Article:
Aug 30, 2011 8:29 PM by Stephanie Collins
The number of bear sightings is up this year in Southern Colorado, with that the number that has been killed is also up.
Colorado Parks and Wildlife says in El Paso and Teller counties about 18 have been killed and in Fremont County that number is 12. Farther south in Pueblo, Huerfano, Custer and Las Animas counties, it's a much higher number, approximately 40 bears have been killed. They've either been put down, killed by a car or a landowner.
Why have so many bears died? Parks and Wildlife says the dry spring we had has made their natural food sources scarce. So this year their search for food is getting them into trouble, and when they create trouble, they have to be put down, "First and foremost, it's always a matter of public safety. Is this bear going to be a public safety threat? That ultimately will drive the decision," explains Michael Seraphin with Parks and Wildlife.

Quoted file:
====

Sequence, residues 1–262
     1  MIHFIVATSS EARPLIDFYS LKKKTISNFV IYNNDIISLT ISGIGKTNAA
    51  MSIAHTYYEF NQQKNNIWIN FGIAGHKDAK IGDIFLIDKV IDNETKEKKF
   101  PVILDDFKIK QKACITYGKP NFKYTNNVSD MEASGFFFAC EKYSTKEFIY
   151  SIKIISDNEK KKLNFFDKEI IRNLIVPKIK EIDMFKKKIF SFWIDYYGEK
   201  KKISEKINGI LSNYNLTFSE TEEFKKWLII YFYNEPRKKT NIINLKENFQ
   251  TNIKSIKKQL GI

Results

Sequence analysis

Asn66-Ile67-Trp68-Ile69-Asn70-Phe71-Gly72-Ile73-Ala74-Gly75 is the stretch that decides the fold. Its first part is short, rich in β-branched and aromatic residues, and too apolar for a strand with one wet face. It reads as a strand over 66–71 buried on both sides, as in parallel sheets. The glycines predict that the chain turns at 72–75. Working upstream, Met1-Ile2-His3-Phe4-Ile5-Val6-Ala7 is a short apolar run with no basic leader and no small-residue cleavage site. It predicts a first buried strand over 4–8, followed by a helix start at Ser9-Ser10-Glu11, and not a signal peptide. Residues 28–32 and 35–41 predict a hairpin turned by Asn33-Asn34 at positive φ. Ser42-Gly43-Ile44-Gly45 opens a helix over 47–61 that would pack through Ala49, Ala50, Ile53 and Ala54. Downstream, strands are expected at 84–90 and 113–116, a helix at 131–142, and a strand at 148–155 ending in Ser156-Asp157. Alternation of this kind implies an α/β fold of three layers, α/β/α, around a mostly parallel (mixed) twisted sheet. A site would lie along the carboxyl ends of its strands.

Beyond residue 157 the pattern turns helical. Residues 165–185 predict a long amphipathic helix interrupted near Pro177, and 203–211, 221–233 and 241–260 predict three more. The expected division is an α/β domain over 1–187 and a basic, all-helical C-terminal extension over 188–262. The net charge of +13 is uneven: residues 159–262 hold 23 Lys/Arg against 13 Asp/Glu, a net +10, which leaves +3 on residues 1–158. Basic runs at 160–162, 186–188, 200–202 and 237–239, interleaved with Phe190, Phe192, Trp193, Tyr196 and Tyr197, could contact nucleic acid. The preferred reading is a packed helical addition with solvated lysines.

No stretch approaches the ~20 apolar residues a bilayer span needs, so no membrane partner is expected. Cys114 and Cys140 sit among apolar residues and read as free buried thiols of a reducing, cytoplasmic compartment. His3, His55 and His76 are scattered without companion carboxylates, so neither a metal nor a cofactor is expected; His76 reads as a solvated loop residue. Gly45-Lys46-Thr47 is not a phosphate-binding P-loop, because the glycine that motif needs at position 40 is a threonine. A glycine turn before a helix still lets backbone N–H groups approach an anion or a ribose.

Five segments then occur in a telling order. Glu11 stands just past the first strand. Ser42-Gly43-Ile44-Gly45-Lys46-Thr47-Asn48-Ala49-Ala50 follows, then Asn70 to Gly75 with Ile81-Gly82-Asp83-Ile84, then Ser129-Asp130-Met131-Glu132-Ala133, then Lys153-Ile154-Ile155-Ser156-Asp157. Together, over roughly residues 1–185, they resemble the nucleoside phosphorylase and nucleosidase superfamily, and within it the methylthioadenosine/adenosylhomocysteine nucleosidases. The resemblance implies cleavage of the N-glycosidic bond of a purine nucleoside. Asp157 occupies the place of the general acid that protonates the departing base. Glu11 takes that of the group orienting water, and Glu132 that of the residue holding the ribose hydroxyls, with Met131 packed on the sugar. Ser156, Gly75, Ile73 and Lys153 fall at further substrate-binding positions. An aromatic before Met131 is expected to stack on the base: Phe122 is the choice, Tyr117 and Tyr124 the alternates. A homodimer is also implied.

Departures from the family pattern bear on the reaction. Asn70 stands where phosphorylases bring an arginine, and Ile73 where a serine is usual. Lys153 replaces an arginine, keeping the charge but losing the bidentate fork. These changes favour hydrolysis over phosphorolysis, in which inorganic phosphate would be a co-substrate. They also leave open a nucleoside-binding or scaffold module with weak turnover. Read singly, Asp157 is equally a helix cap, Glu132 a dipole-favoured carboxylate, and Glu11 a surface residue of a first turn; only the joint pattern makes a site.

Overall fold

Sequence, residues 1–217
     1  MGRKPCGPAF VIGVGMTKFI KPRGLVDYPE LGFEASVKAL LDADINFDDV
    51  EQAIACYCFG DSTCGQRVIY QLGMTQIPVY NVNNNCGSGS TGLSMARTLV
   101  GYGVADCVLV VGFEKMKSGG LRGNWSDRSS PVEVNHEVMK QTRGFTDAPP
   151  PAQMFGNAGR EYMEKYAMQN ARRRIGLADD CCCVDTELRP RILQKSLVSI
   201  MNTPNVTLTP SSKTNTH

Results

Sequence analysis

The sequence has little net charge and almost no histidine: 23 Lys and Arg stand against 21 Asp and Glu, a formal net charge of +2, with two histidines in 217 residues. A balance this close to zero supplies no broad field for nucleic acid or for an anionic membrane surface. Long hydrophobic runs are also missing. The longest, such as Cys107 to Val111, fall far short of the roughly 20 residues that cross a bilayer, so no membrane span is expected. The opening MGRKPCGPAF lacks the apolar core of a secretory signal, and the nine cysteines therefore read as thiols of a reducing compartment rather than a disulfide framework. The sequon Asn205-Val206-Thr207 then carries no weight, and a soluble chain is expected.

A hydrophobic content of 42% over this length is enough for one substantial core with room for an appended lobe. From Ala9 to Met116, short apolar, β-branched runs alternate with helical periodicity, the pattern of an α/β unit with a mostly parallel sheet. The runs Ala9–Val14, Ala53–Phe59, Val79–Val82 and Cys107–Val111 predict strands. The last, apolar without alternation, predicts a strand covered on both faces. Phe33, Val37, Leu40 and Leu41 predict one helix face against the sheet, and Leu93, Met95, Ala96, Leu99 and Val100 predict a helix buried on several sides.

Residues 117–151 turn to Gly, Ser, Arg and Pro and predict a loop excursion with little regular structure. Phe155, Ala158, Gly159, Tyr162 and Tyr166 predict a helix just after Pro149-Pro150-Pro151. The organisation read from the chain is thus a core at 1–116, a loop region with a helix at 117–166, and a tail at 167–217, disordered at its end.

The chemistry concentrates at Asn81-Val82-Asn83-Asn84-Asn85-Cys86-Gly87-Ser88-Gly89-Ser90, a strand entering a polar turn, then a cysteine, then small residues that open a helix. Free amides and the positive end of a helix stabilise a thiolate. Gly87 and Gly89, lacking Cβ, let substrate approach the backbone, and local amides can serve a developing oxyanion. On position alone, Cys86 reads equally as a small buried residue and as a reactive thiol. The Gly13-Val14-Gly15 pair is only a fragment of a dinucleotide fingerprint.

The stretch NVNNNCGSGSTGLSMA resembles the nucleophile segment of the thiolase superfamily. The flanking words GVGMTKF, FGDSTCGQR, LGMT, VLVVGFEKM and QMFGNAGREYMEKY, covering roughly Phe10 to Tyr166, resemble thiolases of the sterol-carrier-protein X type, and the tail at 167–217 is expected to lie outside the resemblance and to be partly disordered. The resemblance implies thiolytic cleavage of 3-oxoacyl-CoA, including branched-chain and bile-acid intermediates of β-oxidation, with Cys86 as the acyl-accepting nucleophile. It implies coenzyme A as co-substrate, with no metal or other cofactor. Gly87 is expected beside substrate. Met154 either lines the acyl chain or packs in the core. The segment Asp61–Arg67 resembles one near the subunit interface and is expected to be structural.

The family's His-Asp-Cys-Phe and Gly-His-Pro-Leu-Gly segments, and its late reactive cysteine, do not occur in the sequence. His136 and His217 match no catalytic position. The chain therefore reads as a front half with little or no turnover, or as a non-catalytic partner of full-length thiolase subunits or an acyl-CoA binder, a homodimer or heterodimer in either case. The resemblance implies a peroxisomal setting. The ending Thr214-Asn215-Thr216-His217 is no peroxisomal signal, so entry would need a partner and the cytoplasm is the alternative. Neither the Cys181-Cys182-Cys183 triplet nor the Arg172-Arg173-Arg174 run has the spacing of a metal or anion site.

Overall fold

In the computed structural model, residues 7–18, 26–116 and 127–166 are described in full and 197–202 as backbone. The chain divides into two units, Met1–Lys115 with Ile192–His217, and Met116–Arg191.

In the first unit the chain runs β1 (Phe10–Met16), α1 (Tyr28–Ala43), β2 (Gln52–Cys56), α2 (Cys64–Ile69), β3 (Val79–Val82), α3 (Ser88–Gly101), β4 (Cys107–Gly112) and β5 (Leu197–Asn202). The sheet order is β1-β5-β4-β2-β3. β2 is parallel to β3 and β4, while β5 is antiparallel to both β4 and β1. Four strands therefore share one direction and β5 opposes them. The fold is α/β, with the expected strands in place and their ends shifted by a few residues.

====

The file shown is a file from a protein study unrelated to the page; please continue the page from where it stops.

Bears usually have a two strike policy, but if they're caught killing livestock, or going into a home, it's more likely that they'll be put down, "They've learned a behavior and that behavior makes them a threat to public safety," Seraphin adds.
The number of bears killed, south of El Paso County, is particularly high. Parks and Wildlife attributes that number to even drier weather and a higher number of run-ins between bears and livestock, "Just about as many bears as we've had to move, we've had to put down, a lot of depredating bears this year," says Seraphin.
You can help keep bears alive, by keeping them away from you. Secure your trash and put away pet food and bird feeders, bottom line, don't feed the bears.
Bear activity will just continue to pick up as we approach fall. They'll start eating up to 20 hours per day to get ready for hibernation.
If you come across an aggressive bear, Parks and Wildlife says slowly back away, make loud noises, and don't make any sudden movements. Once you're safe, call them.